The "Sub" Interface

Every time a CALL statement executes, it calls a C routine called "sub". This routine is passed the name of the called program and its USING parameters. You may modify this routine to recognize the call name that you want to assign to a C subprogram and perform the appropriate code. This routine is contained in the "sub.c" file.

The "sub" routine is passed two arguments: argc and argv. The argv parameter is an array of character pointers. The argc parameter is an integer count of the number of elements in the argv array. The first element in argv points to the call name exactly as it appears in the COBOL CALL statement. This name is terminated with a NULL character. The remaining elements of argv point to each of the USING arguments.

The "sub" function should check to see if the called name is one that should be handled in C. It can do this by comparing "argv[0]" with the desired routine name using the "strcmp" C library routine. If the routine is one that is not handled by a C subroutine, then "sub" should return a negative value. This indicates to runcbl that the CALL statement has not been fulfilled and that it should try to find a COBOL subprogram by that name. If the routine is handled by the "sub" function, then a zero should be returned. In this case, runcbl assumes that the CALL statement has been completed and it continues with the next statement. Finally, if "sub" returns a positive value, then runcbl executes a STOP RUN, returning the value to the operating system as runcbl's exit value. See "sub.c" for an example of this interface.

When processing a USING parameter, note that the C subroutine must know what internal format the parameter uses. Also note, that in COBOL, literal values are not terminated by a NULL character. Thus, you should not treat a passed value as a C string unless the calling program ensures that the passed value is NULL terminated. This can be accomplished in the following fashion:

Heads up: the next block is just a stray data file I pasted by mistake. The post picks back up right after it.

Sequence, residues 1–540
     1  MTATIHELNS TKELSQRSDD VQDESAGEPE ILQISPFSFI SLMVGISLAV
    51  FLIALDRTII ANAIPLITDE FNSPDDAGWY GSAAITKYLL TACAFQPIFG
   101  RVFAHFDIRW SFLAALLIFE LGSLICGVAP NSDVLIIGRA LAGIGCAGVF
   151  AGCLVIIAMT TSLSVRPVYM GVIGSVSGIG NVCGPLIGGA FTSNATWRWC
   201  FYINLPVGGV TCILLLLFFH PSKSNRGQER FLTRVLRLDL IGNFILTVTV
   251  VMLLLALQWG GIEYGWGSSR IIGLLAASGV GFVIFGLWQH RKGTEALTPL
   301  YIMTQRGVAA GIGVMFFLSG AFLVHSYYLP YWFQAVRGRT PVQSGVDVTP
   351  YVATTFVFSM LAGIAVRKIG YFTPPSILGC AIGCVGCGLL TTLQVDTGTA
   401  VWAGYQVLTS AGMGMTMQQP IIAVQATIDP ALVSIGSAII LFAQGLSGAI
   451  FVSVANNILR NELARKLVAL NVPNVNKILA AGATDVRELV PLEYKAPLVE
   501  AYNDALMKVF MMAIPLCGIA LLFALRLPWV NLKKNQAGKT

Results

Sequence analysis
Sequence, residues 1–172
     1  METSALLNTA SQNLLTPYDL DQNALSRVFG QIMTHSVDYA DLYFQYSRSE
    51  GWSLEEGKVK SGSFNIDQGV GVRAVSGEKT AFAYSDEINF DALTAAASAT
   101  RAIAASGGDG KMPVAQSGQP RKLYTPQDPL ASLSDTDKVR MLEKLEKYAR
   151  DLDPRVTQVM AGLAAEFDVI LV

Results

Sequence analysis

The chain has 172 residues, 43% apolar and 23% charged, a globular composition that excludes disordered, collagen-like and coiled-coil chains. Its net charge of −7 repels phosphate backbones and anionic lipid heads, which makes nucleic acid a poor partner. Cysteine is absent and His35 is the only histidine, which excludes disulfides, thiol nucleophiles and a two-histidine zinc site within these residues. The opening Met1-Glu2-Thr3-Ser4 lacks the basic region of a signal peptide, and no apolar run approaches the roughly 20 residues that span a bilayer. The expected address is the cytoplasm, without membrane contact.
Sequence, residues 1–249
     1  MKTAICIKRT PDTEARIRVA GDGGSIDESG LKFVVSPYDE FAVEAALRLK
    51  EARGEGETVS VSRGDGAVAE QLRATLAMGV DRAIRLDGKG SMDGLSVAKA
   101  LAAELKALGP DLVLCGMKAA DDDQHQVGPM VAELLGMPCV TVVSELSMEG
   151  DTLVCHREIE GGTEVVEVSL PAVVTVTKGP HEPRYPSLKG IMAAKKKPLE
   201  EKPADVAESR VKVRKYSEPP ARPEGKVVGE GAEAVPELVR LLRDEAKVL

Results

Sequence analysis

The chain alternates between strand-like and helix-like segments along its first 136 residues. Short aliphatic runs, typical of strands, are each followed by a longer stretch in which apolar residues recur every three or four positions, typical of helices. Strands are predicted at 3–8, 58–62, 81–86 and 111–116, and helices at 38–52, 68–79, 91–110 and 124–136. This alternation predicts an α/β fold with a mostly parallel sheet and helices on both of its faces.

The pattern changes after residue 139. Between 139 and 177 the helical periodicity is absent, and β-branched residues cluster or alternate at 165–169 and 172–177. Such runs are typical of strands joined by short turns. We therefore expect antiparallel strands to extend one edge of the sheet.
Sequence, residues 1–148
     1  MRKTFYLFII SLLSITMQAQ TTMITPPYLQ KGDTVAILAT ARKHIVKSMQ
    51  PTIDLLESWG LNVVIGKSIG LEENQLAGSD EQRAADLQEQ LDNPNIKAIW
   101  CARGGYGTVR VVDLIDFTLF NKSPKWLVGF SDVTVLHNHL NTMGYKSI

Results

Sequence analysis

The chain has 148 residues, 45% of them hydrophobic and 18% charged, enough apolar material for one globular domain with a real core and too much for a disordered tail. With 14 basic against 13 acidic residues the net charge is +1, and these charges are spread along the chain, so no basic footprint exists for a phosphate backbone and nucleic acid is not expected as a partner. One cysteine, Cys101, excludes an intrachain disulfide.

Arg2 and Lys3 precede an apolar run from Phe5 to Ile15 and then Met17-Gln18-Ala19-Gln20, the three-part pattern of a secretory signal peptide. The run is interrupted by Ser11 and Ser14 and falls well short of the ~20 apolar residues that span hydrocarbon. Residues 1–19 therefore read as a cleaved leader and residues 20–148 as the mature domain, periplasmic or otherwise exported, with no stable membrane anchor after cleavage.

INTO ITEM-1

The "sub" interface provides compatibility with the RM/COBOL-85 interface. At run time "sub" performs a linear search for a called routine. This can be inefficient if your program calls a large number of C routines. We recommend that you use the "sub85" or "direct" interface.

Placing the "Sub" Routine in a DLL

In addition to linking the "sub" function directly into the runtime, Windows users may place the "sub" routine into one or more DLL files.

You must specify which routine to use as the "sub" interface routine by setting the DLL_SUB_INTERFACE configuration variable. Then you call the DLL from your COBOL program. The runtime loads the DLL, then checks DLL_SUB_INTERFACE for the name of the routine to use as the "sub" interface routine. For example, the following C program (subdll.c) is the source for the DLL that contains the "sub" interface, called AcuSub in this example:

#include <stdio.h>
#include <windows.h>
#include "sub.h"

#define   DllExport             __declspec(dllexport)
#define   CCallingConvention    __cdecl

DllExport int CcallingConvention
AcuSub( int argc, char *argv[] )

    if ( strcmp( argv[0], "MSGBOX" ) == 0 ) {
             MessageBox( NULL, argv[1], NULL, MB_OK );
             return Okay;

    return NotFound;

}   /* AcuSub */

/* end of subdll.c */

The following COBOL program ("callsub.cbl") shows how the DLL is loaded and called:

program-id.  test.
working-storage section.

77  message-text          pic x(80).

procedure division.
    display standard window.

* Load DLL and establish "sub" interface

    set environment "dll-sub-interface" to "AcuSub".
    call "subdll".

* Call "MSGBOX", one of the routines handled by "AcuSub" 

    move "This is a test message" to message-text.
    inspect message-text replacing trailing spaces by 
    call "msgbox" using message-text.

    accept omitted.
    stop run.

If DLL_SUB_INTERFACE is blank when the DLL is loaded, no "sub" routine is used in that DLL.

When a CALL statement executes, the "sub" interface routine in each loaded DLL is called, in the order that they were loaded, until one of them returns that it has executed the subroutine. If none of the DLLs returns success, the normal, or linked-in, "sub" routine is called. If that does not return success, then the standard calling sequence resumes. As soon as any routine returns success, the CALL is considered satisfied and no further processing of the CALL is done.

If you CANCEL a DLL with an active "sub" interface, that interface is removed from the list of available interfaces and the DLL is unloaded.